1 Cor 2:1-5 / Lk 4:16-30
A long backward glance across the 20th century, in which all but the youngest of us were born and have lived our lives, reveals an extraordinary sequence of technological developments that are continuing to change our lives. Whether in the fields of health or communication, travel or commerce, the changes in our daily experiences and in our expectations of what can and should be the norm are extraordinary.
But there’s a dark side to the times we’ve lived through: wars, famines, the destruction of rivers, lakes, and millions of acres of fields and forests. And under each hurtful act, each destructive choice, is a voice that says, “All that matters is that I get what I want!”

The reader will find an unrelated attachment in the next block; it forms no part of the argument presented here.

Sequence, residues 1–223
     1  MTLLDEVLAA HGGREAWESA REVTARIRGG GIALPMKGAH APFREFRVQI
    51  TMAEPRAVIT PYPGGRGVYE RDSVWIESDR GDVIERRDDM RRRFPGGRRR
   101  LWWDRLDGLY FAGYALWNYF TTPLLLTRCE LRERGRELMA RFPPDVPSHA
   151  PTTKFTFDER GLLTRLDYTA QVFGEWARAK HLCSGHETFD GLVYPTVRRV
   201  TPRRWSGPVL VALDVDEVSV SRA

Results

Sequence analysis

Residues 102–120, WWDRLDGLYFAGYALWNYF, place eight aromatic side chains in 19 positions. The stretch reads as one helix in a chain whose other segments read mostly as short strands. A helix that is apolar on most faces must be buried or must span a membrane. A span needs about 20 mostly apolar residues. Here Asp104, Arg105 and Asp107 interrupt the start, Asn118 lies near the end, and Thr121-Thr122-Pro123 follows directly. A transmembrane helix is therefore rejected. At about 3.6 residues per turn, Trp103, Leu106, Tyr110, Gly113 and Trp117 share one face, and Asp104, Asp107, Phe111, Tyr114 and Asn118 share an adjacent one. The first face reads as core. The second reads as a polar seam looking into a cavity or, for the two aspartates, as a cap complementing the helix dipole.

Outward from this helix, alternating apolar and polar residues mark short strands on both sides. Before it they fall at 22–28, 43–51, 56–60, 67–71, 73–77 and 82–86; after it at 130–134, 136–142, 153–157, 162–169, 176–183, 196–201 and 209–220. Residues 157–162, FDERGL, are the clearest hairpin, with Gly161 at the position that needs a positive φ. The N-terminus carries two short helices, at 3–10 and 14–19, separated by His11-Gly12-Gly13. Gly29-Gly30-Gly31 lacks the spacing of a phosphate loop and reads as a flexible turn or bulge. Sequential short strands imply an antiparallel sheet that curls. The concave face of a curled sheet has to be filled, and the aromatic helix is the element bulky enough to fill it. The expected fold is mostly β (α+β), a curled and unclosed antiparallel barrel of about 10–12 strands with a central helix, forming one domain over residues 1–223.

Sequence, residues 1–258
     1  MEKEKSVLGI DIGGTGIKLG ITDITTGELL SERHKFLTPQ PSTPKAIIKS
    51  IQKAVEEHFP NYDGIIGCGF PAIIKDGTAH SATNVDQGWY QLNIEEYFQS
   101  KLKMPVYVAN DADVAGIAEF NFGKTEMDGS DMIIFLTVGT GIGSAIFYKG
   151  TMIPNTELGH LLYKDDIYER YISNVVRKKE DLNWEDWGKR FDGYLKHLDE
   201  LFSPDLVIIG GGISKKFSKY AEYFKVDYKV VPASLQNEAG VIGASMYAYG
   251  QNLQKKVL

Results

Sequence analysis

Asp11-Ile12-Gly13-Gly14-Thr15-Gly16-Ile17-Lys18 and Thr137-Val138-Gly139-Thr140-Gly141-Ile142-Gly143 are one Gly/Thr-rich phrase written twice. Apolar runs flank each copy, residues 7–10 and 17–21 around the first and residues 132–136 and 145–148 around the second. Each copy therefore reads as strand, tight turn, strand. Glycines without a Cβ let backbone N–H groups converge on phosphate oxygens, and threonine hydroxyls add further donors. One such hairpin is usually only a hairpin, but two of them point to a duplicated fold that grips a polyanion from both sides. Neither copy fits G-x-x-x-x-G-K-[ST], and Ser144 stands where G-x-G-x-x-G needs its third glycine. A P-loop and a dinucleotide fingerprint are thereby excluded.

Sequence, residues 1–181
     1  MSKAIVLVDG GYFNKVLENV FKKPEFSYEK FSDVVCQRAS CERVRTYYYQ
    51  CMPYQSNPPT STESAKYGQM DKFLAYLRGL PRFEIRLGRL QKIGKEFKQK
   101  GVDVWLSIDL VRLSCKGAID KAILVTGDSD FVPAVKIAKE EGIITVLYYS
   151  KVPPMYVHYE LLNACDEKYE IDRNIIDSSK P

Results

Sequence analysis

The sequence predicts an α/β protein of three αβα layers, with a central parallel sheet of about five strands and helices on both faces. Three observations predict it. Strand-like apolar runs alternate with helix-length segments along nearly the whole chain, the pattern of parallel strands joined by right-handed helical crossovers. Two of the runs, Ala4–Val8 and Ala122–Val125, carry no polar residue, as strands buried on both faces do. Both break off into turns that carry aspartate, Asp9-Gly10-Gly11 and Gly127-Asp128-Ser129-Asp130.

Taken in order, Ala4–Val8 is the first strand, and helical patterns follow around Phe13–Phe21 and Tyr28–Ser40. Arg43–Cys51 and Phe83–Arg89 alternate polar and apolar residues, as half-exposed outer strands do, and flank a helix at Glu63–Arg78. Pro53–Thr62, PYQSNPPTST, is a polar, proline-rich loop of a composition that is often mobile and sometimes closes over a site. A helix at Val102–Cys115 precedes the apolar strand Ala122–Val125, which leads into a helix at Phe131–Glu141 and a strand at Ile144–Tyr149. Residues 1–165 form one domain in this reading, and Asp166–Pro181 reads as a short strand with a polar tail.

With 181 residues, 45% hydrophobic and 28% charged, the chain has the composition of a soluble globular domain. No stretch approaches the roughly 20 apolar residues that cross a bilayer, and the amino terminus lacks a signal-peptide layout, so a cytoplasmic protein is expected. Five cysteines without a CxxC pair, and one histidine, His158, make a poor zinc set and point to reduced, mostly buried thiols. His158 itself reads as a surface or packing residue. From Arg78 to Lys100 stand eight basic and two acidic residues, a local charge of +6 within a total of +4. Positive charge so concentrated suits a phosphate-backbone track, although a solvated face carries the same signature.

That silent voice spoke inside the hearts of Hitler, Stalin, Mao Zedong, and countless millions of ordinary people who somehow persuaded themselves that they were the center of the universe. And sometimes that lying voice can be heard inside our own hearts.
That’s why St. Paul’s words in today’s epistle are so refreshing. By the time he wrote this, he was already an internationally-known religious leader, revered by people on several continents. But he hadn’t lost his perspective. He still knew what his life was supposed to be about, and that was Jesus.
We who are so blessed are particularly vulnerable to being victimized by ego and taking ourselves too seriously. There’s no better antidote than to give thanks for God’s gifts and to remember that we’re supposed to be carrying those gifts to those who need them.
How far have your gifts gotten?
And that leads us to today’s question: Are God’s gifts getting to their intended destinations?